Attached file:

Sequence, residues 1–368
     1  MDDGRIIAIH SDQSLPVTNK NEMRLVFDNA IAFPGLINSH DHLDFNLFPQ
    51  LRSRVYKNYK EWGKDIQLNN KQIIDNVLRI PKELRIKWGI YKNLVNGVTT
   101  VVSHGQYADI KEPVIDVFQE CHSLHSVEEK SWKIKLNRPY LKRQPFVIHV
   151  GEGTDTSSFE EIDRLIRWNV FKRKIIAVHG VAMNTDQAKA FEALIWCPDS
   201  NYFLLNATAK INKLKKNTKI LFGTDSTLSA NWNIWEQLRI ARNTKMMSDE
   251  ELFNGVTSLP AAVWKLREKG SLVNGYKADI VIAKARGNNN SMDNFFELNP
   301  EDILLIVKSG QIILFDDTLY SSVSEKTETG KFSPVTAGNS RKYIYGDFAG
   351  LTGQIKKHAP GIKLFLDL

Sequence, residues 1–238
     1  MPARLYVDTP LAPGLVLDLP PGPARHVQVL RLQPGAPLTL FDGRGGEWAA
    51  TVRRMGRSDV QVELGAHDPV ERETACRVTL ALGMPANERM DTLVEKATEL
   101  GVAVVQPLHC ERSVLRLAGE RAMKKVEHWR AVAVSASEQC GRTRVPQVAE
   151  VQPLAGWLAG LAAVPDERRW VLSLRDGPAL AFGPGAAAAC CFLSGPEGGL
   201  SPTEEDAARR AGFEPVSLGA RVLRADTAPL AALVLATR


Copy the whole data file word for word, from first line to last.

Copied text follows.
Sequence, residues 1–368
     1  MDDGRIIAIH SDQSLPVTNK NEMRLVFDNA IAFPGLINSH DHLDFNLFPQ
    51  LRSRVYKNYK EWGKDIQLNN KQIIDNVLRI PKELRIKWGI YKNLVNGVTT
   101  VVSHGQYADI KEPVIDVFQE CHSLHSVEEK SWKIKLNRPY LKRQPFVIHV
   151  GEGTDTSSFE EIDRLIRWNV FKRKIIAVHG VAMNTDQAKA FEALIWCPDS
   201  NYFLLNATAK INKLKKNTKI LFGTDSTLSA NWNIWEQLRI ARNTKMMSDE
   251  ELFNGVTSLP AAVWKLREKG SLVNGYKADI VIAKARGNNN SMDNFFELNP
   301  EDILLIVKSG QIILFDDTLY SSVSEKTETG KFSPVTAGNS RKYIYGDFAG
   351  LTGQIKKHAP GIKLFLDL

Sequence, residues 1–238
     1  MPARLYVDTP LAPGLVLDLP PGPARHVQVL RLQPGAPLTL FDGRGGEWAA
    51  TVRRMGRSDV QVELGAHDPV ERETACRVTL ALGMPANERM DTLVEKATEL
   101  GVAVVQPLHC ERSVLRLAGE RAMKKVEHWR AVAVSASEQC GRTRVPQVAE
   151  VQPLAGWLAG LAAVPDERRW VLSLRDGPAL AFGPGAAAAC CFLSGPEGGL
   201  SPTEEDAARR AGFEPVSLGA RVLRADTAPL AALVLATR